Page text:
Video

Video US Immigration Relief Imminent for Mixed-Status Families

Tens of thousands of undocumented immigrants in the Washington, D.C., area may benefit from a controversial presidential order announced this week. It's not a path to citizenship, as some activists hoped. But it will allow more immigrants who arrived as children or who have citizen children, to avoid deportation and work legally. VOA's Victoria Macchi talks with one young man who benefited from an earlier presidential order, and whose parents may now benefit after years of living in fear.
Video

Video New Skateboard Defies Gravity

A futuristic dream only a couple of decades ago, the hoverboard – a skateboard that floats above the ground - has finally been made possible. While still not ready for mass production, it promises to become a cool mode of transport... at least over some surfaces. VOA’s George Putic reports.
Video

Video Falling Gas Prices Impact US Oil Extraction

With the price of oil now less than $80 a barrel, motorists throughout the United States are benefiting from gas prices below $3 a gallon. But as VOA’s Kane Farabaugh reports, the decreasing price of petroleum has a downside for the hydraulic fracturing industry in the United States.
Video

Video Tensions Build on Korean Peninsula Amid Military Drills

It has been another tense week on the Korean peninsula as Pyongyang threatened to again test nuclear weapons while the U.S. and South Korean forces held joint military exercises in a show of force. VOA’s Brian Padden reports from the Kunsan Air Base in South Korea.
Video

Video Mama Sarah Obama Honored at UN Women’s Entrepreneurship Day

President Barack Obama's step-grandmother is in the United States to raise money to build a $12 million school and hospital center in Kogelo, Kenya, the birthplace of the president's father, Barack Obama, Sr. She was honored for her decades of work to aid poor Kenyans at a Women's Entrepreneurship Day at the United Nations.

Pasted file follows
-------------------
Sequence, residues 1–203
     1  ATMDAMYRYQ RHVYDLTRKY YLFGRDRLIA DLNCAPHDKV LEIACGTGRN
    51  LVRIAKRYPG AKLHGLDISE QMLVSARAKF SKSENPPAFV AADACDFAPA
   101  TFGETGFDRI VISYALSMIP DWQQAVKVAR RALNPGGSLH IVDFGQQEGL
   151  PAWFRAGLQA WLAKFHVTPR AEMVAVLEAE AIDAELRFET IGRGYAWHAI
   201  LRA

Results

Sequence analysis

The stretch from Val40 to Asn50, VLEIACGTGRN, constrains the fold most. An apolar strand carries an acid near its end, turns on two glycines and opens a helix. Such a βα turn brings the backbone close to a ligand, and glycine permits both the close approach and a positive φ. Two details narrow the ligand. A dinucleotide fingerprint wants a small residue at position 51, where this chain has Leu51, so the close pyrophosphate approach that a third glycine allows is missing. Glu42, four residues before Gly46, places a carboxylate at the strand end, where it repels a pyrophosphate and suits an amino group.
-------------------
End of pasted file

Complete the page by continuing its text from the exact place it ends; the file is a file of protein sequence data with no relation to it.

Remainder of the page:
Video

Video Ebola Economic Toll Stirs W. Africa Food Security Concerns

The World Bank said Wednesday that it expects the economic impact of the Ebola outbreak on the sub-Saharan economy to cost somewhere betweenf $3 billion to $4 billion - well below a previously-outlined worst-case scenario of $32 billion. Some economists, however, paint a gloomier picture - warning that the disruption to regional markets and trading is considerable. Henry Ridgwell reports from London.
Video

Video Chaos, Abuse Defy Solution in Libya

The political and security crisis in Libya is deepening, with competing governments and, according to Amnesty International, widespread human rights violations committed with impunity. VOA’s Al Pessin reports from London.
Video

Video US Hosts Record 866,000 Foreign Students

Close to 900,000 international students are studying at American universities and colleges, more than ever before. About half of them come from Asia, mostly China. The United States hosts more foreign students than any other country in the world, and its foreign student population is steadily growing. Zlatica Hoke reports.

All About America

AppleAndroid